- The global community is witness to how some of the most strongly established economies have melted down courtesy of the twin challenges of the last three years viz. the pandemic-induced restrictions and the ongoing Russia-Ukraine conflict. In both cases, severe disruptions in the supply chain caused humongous challenges for the global community which is still fighting to tide over the situation. Near home, India has seen how Sri Lanka whittled under immense economic pressure and is struggling to meet ends owing to a variety of challenges posed by the unviable fiscal measures. Bangladesh too is wilting under economic pressure making every effort possible to stay afloat to tide over the crises. And then we have Pakistan which is staring at a disaster.
- Our cantankerous neighbour has had to contend with several domestic challenges in terms of unprecedented flooding, raising commodity prices, inflationary trends, and homegrown terrorists running amok. Now, Pakistan is facing a deep forex crisis with reserves down to just $3.09 billion as of January 27 barely covering 18 days of imports. The gross economic mismanagement over the years has finally come to haunt the Pakistani establishment teetering on the brink of collapse. As reported, after the IMF review mission rejected Pakistan’s debt management plan and asked it to steeply increase electricity tariffs to restrict subsidies, PM Shehbaz Sharif indicated he had no choice but to implement the harsh conditions. A disastrous situation indeed.
- Thus, Islamabad desperately needs to complete the pending ninth review under IMF’s $7 billion extended fund facility to stave off default. But Pakistan’s power sector, long a quagmire of unsustainable subsidies, poor transmission, and lack of accountability, is posing a huge problem. For the source of the woes, many points to the mismanaged privatization exercise that led to the creation of 12 local distribution companies that mostly provided employment to military retirees. Meanwhile, a 2020 study flags the Pakistan government paying more than Pakistan Rs 1 trillion as Tariff Differential Subsidy where a uniform tariff is applied across all electrical distribution companies despite differences in cost and the gap in revenue financed by the government.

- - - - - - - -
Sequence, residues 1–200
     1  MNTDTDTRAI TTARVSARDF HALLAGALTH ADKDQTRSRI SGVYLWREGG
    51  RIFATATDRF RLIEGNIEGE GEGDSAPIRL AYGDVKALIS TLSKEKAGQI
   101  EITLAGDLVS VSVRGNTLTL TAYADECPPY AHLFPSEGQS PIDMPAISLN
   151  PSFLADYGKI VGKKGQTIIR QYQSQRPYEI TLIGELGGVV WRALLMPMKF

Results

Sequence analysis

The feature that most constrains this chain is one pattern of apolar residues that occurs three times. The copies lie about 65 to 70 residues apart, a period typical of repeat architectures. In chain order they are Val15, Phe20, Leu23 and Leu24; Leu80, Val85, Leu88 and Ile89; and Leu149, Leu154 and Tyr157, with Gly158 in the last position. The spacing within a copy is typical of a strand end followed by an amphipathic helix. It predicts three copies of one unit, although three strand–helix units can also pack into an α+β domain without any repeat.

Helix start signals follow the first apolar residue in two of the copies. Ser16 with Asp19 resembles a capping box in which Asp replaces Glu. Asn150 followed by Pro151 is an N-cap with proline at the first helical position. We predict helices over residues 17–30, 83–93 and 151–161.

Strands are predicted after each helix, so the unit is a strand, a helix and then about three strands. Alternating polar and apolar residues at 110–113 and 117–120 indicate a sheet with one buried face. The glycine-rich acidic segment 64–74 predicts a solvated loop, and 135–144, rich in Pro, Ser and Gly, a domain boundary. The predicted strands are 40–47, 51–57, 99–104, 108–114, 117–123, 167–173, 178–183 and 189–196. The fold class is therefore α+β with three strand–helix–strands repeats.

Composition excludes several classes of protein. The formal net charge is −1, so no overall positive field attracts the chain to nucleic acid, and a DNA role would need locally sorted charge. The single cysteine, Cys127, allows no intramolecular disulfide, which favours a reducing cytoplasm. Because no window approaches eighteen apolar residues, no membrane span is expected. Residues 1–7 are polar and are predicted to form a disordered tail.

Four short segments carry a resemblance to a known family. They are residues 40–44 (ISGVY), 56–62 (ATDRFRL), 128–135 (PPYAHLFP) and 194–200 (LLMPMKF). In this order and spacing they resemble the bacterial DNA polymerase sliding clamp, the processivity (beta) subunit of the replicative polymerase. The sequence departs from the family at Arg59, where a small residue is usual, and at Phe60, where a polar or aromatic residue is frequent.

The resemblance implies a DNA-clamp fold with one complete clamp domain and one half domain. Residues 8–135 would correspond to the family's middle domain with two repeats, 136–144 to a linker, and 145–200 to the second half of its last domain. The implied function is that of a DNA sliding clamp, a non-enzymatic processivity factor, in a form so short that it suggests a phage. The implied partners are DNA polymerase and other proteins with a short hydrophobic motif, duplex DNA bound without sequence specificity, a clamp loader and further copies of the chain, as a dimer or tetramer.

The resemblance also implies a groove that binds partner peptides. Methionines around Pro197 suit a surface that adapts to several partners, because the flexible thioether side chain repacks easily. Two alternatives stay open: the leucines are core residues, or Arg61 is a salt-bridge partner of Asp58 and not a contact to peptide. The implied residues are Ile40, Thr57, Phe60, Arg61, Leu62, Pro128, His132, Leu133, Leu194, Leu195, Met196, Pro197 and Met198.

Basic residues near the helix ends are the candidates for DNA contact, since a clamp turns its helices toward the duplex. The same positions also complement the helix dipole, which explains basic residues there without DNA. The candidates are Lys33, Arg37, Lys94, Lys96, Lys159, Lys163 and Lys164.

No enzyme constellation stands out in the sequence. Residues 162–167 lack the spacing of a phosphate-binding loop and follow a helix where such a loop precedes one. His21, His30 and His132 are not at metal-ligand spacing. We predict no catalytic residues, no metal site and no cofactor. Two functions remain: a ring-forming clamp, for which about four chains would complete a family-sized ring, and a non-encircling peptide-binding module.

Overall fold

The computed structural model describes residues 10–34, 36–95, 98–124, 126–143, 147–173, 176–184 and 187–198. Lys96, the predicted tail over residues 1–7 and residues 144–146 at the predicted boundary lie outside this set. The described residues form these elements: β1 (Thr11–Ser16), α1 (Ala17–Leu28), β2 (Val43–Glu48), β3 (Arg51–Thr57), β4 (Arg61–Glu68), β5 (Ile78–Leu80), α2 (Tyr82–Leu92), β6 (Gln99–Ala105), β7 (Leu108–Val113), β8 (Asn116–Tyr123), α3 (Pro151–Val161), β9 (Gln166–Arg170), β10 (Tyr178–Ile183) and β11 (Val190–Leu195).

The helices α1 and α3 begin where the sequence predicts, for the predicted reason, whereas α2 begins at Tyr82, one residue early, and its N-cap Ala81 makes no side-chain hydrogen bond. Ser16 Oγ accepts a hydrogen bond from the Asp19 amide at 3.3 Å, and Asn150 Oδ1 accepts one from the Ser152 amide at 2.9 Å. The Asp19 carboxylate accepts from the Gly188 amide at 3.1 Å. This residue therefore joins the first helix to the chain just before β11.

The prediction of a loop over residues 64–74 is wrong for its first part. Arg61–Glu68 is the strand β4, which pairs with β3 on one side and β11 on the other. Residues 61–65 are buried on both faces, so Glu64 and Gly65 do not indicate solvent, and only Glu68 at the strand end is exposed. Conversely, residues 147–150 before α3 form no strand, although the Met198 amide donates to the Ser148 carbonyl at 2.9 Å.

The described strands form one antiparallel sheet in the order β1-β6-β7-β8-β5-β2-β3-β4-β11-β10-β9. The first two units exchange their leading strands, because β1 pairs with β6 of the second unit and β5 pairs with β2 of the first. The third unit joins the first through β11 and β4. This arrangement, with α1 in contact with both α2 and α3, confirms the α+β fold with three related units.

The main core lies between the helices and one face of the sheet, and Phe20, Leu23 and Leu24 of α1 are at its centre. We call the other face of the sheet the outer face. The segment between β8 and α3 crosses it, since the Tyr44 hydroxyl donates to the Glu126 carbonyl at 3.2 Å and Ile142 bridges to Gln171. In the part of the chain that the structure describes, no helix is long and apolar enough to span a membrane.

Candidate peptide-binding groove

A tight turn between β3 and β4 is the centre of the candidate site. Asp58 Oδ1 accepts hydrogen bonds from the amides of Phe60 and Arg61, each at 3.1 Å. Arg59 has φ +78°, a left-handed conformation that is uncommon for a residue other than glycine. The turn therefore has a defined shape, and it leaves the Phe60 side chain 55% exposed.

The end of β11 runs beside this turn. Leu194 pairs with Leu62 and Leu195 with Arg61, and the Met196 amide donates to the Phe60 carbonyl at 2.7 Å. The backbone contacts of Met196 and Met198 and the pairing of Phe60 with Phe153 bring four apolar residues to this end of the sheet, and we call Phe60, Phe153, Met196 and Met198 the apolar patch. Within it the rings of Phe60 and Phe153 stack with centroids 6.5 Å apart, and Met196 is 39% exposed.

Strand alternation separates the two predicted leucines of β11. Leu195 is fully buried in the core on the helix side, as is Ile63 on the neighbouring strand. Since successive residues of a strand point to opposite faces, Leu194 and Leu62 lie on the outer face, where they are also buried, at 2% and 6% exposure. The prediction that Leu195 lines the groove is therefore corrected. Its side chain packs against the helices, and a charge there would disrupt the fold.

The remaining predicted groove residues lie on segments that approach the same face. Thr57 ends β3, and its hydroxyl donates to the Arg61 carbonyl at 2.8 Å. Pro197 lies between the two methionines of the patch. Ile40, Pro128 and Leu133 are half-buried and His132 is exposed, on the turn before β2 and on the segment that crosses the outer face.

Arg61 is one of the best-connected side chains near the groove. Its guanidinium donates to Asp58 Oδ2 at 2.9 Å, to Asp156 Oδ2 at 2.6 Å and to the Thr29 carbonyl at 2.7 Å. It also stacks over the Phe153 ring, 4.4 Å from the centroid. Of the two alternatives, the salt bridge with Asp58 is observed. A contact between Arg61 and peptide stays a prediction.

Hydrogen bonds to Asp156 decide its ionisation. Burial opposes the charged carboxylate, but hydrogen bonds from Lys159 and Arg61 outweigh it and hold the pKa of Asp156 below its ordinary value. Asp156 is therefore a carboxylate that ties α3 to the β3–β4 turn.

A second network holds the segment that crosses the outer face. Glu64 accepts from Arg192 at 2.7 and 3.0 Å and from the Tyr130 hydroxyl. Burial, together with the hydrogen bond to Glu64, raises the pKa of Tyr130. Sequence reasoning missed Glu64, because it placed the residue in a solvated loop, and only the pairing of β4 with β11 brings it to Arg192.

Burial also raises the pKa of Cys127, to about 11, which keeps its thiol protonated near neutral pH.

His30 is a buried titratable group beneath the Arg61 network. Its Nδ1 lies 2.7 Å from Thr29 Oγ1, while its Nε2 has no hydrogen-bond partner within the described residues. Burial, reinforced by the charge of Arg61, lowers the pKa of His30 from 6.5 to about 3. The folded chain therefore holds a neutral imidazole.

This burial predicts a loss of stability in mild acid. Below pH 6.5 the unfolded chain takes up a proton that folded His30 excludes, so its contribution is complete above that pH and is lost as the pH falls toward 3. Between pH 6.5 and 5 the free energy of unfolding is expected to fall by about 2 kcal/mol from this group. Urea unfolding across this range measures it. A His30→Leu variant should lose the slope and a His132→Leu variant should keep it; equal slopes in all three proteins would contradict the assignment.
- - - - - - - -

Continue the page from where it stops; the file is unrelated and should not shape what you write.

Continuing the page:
- Add to this Islamabad’s policies like the Pakistani Rs 120 billion energy subsidy to exporters announced four months ago. If Islamabad is unable to get itself out of this economic hole, it would of course have catastrophic consequences for the Pakistani people. Of course, India should be concerned as the total collapse of the Pakistani government which is also amid a new spate of homegrown terrorism could see the entire stretch from the Iran-Afghanistan border to Lahore becoming an extremist hotbed. Yes, this would certainly complicate India’s security challenges and lead to an even greater Af-Pak problem than the one the world has faced. Major countries must be on guard against such a disaster. I hope Pakistan somehow manages to stay afloat.